Dr. Seward’s Diary (continued)
19 July.—We are progressing. My friend has now a whole colony of sparrows, and his flies and spiders are almost obliterated. When I came in he ran to me and said he wanted to ask me a great favour—a very, very great favour; and as he spoke he fawned on me like a dog. I asked him what it was, and he said, with a sort of rapture in his voice and bearing:—
“A kitten, a nice little, sleek playful kitten, that I can play with, and teach, and feed—and feed—and feed!” I was not unprepared for this request, for I had noticed how his pets went on increasing in size and vivacity, but I did not care that his pretty family of tame sparrows should be wiped out in the same manner as the flies and the spiders; so I said I would see about it, and asked him if he would not rather have a cat than a kitten. His eagerness betrayed him as he answered:—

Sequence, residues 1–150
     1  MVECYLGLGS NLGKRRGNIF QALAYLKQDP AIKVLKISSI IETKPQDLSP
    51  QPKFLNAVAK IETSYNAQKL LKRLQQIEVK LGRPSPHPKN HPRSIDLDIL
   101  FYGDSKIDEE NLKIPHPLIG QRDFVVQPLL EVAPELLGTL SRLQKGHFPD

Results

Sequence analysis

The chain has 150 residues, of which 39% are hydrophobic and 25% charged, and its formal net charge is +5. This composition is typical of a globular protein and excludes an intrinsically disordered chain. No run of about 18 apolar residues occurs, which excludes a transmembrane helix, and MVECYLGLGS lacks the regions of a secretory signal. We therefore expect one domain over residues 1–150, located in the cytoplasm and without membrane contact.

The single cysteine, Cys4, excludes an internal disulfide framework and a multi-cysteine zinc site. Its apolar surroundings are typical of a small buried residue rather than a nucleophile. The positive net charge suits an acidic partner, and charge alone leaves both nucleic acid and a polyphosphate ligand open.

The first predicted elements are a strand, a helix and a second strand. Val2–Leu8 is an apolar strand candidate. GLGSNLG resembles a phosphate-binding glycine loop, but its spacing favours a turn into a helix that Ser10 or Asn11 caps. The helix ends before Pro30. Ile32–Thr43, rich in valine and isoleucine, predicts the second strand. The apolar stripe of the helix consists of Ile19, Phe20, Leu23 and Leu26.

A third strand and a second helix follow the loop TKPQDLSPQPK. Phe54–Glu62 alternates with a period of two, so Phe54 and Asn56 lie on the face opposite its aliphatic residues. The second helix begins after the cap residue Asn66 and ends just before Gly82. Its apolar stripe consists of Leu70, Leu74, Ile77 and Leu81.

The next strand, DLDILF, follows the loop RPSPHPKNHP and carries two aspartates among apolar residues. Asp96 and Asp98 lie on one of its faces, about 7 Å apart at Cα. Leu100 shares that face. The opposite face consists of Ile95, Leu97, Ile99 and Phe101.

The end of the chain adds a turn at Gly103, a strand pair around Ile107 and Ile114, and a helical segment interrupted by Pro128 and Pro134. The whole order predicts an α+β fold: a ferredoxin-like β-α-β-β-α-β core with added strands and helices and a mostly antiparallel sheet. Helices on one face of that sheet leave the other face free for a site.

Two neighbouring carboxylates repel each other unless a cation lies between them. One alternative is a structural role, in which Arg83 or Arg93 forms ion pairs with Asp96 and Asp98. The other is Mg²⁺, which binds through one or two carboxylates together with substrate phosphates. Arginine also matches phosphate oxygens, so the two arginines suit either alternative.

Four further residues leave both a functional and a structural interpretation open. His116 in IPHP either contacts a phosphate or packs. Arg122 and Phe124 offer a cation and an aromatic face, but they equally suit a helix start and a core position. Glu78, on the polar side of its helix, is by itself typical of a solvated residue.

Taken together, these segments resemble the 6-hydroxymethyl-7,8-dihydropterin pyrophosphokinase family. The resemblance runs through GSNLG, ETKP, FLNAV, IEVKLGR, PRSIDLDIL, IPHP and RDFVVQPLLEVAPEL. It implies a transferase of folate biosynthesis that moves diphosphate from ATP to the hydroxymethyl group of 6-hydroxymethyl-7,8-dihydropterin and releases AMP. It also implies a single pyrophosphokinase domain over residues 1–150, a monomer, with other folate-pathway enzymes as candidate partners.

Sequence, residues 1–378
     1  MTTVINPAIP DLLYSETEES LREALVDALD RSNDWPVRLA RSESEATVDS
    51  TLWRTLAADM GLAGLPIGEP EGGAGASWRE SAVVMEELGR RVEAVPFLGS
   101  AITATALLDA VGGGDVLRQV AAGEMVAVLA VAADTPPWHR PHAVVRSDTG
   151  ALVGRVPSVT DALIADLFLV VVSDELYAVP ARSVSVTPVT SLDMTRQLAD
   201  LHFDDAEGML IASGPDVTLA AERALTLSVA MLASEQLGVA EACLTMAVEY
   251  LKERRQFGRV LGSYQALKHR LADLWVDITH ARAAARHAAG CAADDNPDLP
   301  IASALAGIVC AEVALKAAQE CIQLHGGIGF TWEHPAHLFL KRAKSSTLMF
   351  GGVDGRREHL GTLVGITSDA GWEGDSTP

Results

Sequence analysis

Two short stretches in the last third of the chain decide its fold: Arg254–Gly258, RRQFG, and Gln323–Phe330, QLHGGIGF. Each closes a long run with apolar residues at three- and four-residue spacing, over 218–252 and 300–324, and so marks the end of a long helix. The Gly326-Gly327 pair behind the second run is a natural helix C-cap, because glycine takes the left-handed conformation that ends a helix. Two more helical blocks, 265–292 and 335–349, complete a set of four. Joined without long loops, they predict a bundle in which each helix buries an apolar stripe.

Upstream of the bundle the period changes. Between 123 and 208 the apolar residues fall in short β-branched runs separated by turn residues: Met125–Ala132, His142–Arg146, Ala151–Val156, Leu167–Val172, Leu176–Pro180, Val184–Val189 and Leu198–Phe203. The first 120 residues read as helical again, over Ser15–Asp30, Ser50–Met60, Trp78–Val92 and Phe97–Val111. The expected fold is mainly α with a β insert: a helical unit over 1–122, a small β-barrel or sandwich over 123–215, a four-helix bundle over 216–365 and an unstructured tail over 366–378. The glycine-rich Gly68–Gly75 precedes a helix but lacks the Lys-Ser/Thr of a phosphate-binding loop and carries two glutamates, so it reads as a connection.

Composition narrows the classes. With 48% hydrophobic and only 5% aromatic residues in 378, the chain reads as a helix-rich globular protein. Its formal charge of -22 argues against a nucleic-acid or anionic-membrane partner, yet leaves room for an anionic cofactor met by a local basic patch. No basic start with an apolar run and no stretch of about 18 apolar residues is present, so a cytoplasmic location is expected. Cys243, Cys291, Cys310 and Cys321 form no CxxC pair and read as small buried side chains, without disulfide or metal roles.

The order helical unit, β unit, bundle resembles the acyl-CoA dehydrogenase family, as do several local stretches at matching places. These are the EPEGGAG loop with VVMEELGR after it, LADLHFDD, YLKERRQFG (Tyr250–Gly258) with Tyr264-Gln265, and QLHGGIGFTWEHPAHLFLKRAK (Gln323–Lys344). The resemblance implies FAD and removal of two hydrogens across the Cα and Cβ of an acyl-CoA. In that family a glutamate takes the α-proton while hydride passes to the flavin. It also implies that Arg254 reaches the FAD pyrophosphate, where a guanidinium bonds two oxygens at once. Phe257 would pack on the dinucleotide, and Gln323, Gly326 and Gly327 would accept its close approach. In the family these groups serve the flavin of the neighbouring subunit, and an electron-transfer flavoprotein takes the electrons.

“Oh, yes, I would like a cat! I only asked for a kitten lest you should refuse me a cat. No one would refuse me a kitten, would they?” I shook my head, and said that at present I feared it would not be possible, but that I would see about it. His face fell, and I could see a warning of danger in it, for there was a sudden fierce, sidelong look which meant killing. The man is an undeveloped homicidal maniac. I shall test him with his present craving and see how it will work out; then I shall know more.
10 p. m.—I have visited him again and found him sitting in a corner brooding. When I came in he threw himself on his knees before me and implored me to let him have a cat; that his salvation depended upon it. I was firm, however, and told him that he could not have it, whereupon he went without a word, and sat down, gnawing his fingers, in the corner where I had found him. I shall see him in the morning early.